Macy Mitchell rides a Bird scooter through downtown Lafayette on Wednesday, Jan. 9, 2019.

Electric scooter rentals may not be returning to Lafayette soon, not until local laws are written to regulate their use.

Two electric scooter rental companies, Bird and Lime, made a push in November, December and January, to enter the Louisiana market via Lafayette. They pulled out in January at the request of Mayor-President Joel Robideaux because no local or state laws existed to govern the use of for-rent electric scooters.


Dayton Prejean, left, and Alexis Bentley use their phones to activate Lime scooters in downtown Lafayette on Wednesday, Jan. 9, 2019.

An ordinance on Tuesday's City-Parish Council agenda would outlaw such scooters for the foreseeable future, until local laws are approved governing how and where they can be used in the city and parish. The laws would address issues such as permitting, parking and limits to local government's liability in case of accidents.

State Sen. Page Cortez, R-Lafayette, introduced legislation approved by state lawmakers and signed by the governor, defining and regulating electric scooters on state roadways.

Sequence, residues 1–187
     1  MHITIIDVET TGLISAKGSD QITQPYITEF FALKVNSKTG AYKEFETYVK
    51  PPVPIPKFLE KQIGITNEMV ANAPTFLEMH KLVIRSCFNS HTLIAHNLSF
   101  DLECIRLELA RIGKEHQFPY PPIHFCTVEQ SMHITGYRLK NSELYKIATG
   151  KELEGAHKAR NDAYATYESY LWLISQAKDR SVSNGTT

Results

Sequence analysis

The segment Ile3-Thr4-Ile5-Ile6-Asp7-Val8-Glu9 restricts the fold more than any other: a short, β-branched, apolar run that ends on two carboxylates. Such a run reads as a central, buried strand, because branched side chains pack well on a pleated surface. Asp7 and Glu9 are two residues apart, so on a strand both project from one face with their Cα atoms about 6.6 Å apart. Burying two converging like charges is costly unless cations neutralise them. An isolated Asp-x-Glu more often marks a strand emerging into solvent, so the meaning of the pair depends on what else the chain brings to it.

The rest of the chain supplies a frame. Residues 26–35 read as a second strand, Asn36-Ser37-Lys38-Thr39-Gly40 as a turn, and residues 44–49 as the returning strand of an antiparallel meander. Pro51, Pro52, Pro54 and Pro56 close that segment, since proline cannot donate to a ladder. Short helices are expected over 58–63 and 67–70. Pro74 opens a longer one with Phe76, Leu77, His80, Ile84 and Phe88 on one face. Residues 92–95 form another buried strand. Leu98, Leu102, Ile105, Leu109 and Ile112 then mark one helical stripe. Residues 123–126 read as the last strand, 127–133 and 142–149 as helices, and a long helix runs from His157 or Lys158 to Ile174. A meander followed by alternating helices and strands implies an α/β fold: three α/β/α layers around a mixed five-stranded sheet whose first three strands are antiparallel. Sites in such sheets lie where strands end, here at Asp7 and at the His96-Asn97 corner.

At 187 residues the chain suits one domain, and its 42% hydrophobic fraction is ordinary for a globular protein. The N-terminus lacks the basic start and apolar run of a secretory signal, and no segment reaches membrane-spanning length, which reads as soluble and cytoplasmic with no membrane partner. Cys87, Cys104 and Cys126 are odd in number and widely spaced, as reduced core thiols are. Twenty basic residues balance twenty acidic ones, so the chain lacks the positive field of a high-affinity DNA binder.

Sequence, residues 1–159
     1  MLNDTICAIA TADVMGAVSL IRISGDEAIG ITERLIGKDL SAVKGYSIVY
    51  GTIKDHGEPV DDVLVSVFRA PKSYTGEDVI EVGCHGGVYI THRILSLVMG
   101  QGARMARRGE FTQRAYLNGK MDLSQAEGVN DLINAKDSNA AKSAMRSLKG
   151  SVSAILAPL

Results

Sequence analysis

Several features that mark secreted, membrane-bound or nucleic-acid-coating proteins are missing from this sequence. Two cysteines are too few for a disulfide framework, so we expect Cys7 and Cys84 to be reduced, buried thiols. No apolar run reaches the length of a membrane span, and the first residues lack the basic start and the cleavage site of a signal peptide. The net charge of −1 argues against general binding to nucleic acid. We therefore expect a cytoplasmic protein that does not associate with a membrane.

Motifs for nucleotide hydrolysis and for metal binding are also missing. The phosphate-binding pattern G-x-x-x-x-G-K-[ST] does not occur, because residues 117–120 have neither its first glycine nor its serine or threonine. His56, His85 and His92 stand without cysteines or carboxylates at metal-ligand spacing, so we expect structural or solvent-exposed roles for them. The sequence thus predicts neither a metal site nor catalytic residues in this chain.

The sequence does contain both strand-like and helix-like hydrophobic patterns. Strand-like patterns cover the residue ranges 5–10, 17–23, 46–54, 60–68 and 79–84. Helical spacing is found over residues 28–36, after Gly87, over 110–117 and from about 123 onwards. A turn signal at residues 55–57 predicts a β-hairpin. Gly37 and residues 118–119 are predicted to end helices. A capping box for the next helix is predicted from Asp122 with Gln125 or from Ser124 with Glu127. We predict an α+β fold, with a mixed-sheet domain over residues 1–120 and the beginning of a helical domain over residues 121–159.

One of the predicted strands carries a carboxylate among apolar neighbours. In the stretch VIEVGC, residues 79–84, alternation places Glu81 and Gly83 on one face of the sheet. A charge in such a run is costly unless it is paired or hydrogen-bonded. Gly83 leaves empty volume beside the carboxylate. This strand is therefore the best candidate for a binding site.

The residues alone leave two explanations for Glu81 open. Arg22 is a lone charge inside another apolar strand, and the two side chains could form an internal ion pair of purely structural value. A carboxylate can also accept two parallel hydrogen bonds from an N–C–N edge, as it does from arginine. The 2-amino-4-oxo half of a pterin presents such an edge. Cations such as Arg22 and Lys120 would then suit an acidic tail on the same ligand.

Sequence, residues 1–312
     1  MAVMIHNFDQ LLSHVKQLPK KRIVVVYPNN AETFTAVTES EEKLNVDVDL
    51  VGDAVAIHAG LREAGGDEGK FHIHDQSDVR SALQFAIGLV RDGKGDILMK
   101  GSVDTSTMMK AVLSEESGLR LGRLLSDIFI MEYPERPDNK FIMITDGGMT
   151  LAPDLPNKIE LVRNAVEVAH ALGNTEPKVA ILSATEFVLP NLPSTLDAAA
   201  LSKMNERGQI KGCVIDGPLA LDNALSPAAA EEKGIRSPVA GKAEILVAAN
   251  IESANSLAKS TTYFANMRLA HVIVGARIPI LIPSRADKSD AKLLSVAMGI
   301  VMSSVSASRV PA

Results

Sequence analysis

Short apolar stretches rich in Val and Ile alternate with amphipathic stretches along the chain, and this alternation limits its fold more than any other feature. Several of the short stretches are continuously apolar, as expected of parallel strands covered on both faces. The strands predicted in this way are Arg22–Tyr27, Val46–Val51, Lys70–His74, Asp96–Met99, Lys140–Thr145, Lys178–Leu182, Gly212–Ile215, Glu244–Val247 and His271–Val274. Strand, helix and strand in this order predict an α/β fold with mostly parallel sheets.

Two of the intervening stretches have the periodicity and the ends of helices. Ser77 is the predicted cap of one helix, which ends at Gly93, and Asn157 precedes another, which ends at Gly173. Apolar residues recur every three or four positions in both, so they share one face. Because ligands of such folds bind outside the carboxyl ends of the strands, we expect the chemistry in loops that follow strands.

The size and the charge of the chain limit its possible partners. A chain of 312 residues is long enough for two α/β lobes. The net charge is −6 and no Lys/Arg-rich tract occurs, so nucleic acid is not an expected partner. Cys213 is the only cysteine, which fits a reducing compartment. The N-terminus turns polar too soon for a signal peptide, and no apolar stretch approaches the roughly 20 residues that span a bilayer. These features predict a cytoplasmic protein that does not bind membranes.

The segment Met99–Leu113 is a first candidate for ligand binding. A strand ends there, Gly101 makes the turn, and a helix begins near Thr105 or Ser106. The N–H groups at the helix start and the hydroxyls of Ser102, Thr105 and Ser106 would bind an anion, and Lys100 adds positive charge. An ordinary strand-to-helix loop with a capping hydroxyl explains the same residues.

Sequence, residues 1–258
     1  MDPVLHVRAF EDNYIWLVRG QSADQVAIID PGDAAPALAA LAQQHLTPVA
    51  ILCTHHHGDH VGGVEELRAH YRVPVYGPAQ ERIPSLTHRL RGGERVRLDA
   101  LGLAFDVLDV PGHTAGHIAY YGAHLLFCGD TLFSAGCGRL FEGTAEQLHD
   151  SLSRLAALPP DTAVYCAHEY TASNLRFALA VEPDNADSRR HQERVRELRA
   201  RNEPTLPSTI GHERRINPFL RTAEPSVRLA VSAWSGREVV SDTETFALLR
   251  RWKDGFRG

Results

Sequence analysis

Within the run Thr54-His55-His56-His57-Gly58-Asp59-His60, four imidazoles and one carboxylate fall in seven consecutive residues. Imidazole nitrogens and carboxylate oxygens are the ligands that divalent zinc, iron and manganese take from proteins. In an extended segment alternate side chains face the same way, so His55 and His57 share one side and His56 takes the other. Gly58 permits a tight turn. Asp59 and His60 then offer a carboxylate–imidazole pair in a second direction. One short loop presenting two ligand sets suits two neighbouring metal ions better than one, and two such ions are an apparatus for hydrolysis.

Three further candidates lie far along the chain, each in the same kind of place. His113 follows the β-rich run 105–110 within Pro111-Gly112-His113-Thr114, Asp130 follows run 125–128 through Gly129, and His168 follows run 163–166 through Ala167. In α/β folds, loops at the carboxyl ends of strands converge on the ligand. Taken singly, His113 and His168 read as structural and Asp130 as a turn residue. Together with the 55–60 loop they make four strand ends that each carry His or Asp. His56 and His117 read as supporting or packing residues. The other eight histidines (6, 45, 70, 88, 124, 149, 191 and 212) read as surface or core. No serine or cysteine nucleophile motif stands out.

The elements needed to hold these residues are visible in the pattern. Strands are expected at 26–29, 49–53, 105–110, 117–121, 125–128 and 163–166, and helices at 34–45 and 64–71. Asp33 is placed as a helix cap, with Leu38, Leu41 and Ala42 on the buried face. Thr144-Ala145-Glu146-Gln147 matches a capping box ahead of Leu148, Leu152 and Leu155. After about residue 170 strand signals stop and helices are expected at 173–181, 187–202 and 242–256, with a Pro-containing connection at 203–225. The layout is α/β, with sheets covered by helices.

The state law, which is effective July 1, sets the stage for local governing bodies like Lafayette's to enact their own regulations for low-speed electric scooters. The law requires anyone under the age of 17 to wear an approved safety helmet while operating an electric scooter.

Under the state law, local governments may enact fines for parking or moving violations involving electric scooters.


Bird and Lime scooters await riders at the corner of Jefferson Street and Vine Street on Wednesday, Jan. 9, 2019, in Lafayette.

When the Bird and Lime scooters burst onto Lafayette's downtown scene they were hailed as a fun alternative to walking and a way to reduce vehicular traffic. Others objected because some renters did not operate the scooters in a safe manner on roads and sidewalks.


Bird and Lime scooters await riders at the corner of Second Street and South Pierce Street on Wednesday, Jan. 9, 2019, in Lafayette.

Another objection was that the rental scooters can be left anyplace. There is no home base, per se. Riders use an online app to rent the scooters, paying by the minute. When they've arrived at their destination, they can just drop the scooter on a sidewalk or roadside. The company employs people to locate and retrieve the scooters using gps.

The council meeting begins at 5:30 p.m. Tuesday at City Hall, 705 W. University Ave., Lafayette. The public may sign in to address the council about this topic.

Follow Claire Taylor on Twitter, @ClaireTaylorACA